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PowerPlayer: Netroots Nation Organizer Mary Rickles

Monday, June 04, 2012

 

This week’s PowerPlayer is Mary Rickles, communications director for Netroots Nation. The annual convention for progressives begins in Providence this week and Mary was kind enough to chat about the event and the outlook for liberals in 2012.

1) Netroots Nation takes place at the end of week. Tell us why it's important for progressives to have this annual event.

The trainings. The networking. The annual karaoke party!

In all seriousness, most of our attendees do their work primarily online. This convention brings organizers out of their communities into a larger space to strategize about making change happen nationally. It's probably the only time of the year that this broad of a group -- tech geeks, community activists, college organizers, union members, campaign staffers -- comes together in person.

Someone once told me they come to Netroots Nation for the oxygen. I think that's a pretty good way to sum up the recharged, refreshed feeling you get at this event. It's just inspiring to walk through the halls and know that there are ideas being born, collaborations being made and lessons being shared.

2) 2008 has come and gone and a lot of people are not as excited about the Obama reelection bid as they were with his first campaign. How can you energize the base?

Honestly, I'm not sure we'll ever see that same level of excitement about a campaign. 2008 was a unique moment in time that might never be replicated.

That said, I think progressives are still largely fired up. It's just that many of them realize that it's not just about the presidency, or even Congress. They're fired up about key state and local races and working hard to make sure that some of these damaging right-wing ballot initiatives don't pass. They're excited about strong progressive candidates like Elizabeth Warren and Tammy Baldwin. And even the most disappointed progressives would probably still say that an Obama second term is a better alternative than President Romney.

3) Take us through a day in your life.

We're a small team and all wear a lot of hats, so my days can be pretty different. They always start with coffee and time reading the blogs and catching up on email. And because I'm on the West coast, they often start with a 6:30 or 7 a.m. phone call from someone on the East coast who forgets that I live in California.

I travel a lot, too. When I'm on the road, I'm usually running from meeting to meeting. When I'm at home, my days consist of conference calls and lots of email sending. My job is pretty broad, so in a typical day I might talk to a reporter, deploy an email to our list, write a blog post or design some collateral. I do try to block out at least an hour a day where I can work on high-level strategic stuff uninterrupted.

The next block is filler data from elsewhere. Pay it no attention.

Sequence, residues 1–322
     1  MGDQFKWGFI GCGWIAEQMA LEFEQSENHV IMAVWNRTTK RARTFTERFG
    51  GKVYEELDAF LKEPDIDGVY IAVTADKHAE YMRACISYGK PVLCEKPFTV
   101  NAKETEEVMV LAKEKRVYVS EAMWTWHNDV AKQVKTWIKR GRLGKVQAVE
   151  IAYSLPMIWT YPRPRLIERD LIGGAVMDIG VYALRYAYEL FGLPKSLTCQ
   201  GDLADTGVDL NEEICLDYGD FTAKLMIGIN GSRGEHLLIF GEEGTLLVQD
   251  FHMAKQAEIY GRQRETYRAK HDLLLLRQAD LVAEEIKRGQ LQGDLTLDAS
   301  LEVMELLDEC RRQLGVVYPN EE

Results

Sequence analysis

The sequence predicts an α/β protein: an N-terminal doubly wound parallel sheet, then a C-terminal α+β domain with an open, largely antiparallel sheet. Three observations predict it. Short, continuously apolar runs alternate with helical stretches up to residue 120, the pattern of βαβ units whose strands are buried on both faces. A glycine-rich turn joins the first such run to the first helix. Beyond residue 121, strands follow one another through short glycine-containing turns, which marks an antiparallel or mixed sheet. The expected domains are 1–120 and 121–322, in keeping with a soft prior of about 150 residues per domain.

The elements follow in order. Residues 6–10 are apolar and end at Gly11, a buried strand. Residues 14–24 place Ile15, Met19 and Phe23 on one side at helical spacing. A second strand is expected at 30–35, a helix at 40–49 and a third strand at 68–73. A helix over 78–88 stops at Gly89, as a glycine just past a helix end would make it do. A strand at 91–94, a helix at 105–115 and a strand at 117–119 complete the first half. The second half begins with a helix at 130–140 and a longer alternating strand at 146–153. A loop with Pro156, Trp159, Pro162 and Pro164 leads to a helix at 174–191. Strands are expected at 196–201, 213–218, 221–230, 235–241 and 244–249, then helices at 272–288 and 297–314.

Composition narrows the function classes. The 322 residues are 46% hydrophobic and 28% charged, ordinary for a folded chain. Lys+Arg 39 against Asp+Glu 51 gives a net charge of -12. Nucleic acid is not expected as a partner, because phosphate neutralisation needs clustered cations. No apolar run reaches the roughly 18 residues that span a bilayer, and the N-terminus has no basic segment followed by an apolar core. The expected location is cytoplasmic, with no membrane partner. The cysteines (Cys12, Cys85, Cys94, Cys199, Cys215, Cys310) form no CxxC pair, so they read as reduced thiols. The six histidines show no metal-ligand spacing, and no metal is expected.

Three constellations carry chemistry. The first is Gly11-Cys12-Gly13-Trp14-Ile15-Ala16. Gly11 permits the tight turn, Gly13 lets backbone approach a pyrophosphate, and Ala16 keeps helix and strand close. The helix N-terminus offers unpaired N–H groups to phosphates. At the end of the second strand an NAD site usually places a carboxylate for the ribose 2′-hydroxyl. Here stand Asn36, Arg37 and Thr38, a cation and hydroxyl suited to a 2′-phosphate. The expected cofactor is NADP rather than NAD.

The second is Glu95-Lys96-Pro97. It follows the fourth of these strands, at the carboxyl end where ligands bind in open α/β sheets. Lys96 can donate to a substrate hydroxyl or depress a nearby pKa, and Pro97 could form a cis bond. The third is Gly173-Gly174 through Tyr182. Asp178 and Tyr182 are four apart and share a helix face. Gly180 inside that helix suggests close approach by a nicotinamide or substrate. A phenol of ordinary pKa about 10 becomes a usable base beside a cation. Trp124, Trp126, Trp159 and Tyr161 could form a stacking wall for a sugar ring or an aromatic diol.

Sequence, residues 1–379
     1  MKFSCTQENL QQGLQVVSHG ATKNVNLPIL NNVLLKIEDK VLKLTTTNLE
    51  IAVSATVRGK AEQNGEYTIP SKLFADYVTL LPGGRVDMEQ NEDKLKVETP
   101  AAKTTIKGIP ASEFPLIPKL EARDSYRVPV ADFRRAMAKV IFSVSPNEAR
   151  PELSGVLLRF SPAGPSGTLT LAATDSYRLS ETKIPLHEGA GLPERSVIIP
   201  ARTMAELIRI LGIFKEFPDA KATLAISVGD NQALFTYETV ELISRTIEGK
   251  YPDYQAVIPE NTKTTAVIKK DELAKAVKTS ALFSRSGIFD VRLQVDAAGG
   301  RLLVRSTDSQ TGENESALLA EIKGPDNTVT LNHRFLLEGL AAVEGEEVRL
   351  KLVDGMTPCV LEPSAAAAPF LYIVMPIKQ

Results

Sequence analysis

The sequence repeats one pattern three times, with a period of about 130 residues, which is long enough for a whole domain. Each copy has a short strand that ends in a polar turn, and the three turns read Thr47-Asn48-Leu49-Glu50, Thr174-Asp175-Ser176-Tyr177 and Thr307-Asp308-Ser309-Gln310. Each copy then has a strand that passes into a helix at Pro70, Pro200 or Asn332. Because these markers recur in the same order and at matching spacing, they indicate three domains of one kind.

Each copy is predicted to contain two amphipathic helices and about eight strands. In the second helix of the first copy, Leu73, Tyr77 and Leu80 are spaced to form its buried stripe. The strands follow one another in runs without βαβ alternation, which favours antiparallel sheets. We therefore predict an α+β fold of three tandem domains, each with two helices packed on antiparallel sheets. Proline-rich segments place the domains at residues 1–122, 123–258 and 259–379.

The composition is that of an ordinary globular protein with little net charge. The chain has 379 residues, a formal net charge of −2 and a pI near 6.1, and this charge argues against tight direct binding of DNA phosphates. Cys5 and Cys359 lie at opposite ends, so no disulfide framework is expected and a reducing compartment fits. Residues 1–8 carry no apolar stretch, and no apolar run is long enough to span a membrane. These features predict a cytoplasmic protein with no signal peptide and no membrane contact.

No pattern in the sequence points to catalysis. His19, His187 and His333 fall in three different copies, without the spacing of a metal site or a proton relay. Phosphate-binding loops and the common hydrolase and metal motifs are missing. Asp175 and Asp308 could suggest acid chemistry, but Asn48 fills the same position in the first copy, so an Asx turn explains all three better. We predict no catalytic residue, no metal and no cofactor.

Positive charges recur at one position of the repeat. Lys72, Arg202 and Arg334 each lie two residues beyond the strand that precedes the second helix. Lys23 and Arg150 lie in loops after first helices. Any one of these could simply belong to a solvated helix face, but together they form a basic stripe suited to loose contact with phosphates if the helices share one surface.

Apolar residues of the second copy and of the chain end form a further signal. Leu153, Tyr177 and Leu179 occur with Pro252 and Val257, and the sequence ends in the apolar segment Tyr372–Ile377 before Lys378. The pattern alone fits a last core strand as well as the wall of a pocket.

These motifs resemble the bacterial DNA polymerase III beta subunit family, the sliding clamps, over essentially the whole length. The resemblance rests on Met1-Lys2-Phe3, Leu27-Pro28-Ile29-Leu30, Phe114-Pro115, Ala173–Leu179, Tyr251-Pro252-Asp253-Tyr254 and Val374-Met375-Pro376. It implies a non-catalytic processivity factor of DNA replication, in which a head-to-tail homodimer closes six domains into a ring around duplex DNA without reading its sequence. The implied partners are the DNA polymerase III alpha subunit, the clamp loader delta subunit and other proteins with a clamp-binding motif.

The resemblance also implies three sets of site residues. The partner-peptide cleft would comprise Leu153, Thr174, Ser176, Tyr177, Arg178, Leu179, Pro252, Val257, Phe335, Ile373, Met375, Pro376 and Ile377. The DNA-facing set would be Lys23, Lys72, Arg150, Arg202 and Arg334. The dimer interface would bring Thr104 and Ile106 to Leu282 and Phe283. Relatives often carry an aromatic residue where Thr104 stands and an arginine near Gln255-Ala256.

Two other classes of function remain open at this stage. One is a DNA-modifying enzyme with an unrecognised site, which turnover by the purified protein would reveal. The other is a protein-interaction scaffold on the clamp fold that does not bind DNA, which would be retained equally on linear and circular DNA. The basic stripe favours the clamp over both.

When we're not in crazy planning mode, I try (and mostly succeed) to log off at a decent hour and hit the beach, take in some live music, go to a Giants game or visit with friends.

4) There are a lot of progressives who are disappointed with Democrats throughout the country. How should progressives go about maintaining their integrity while attempting to bring back a majority in the House?

Don't forget your core values. The reality of politics is that some level of compromise is almost always required to get anything passed. But compromises -- hopefully small ones -- would be easier to stomach if more of our leaders held fast to our core progressive values and the idea that in this country, every person deserves a good job with fair wages and equal opportunity.

5) Tell us something nobody knows about you.

I'm kind of an open book, so my friends would probably say there's not a whole lot that would fall into that category. But people who know me through work are often surprised when they find out that I sing in a band. I've been singing since about the time I started talking, so music is a huge part of my life. I go to tons of live shows and try to sing at least once a week, even if it's just at an open mic night in my neighborhood.

Quick Hitters

Role Model: My mom. She's empathetic, compassionate and just all-around amazing.

Favorite Restaurant: Burma Superstar in San Francisco

Best Beach: I'm originally from Alabama, so I love the Gulf Coast.

Best Book You've Read in the Last Year: The Hunger Games

Advice for the Next Mary Rickles: You can do anything that you set your mind to, especially if you've got a good playlist to inspire you.

 

Dan McGowan can be reached at dmcgowan@golocalprov.com.

 

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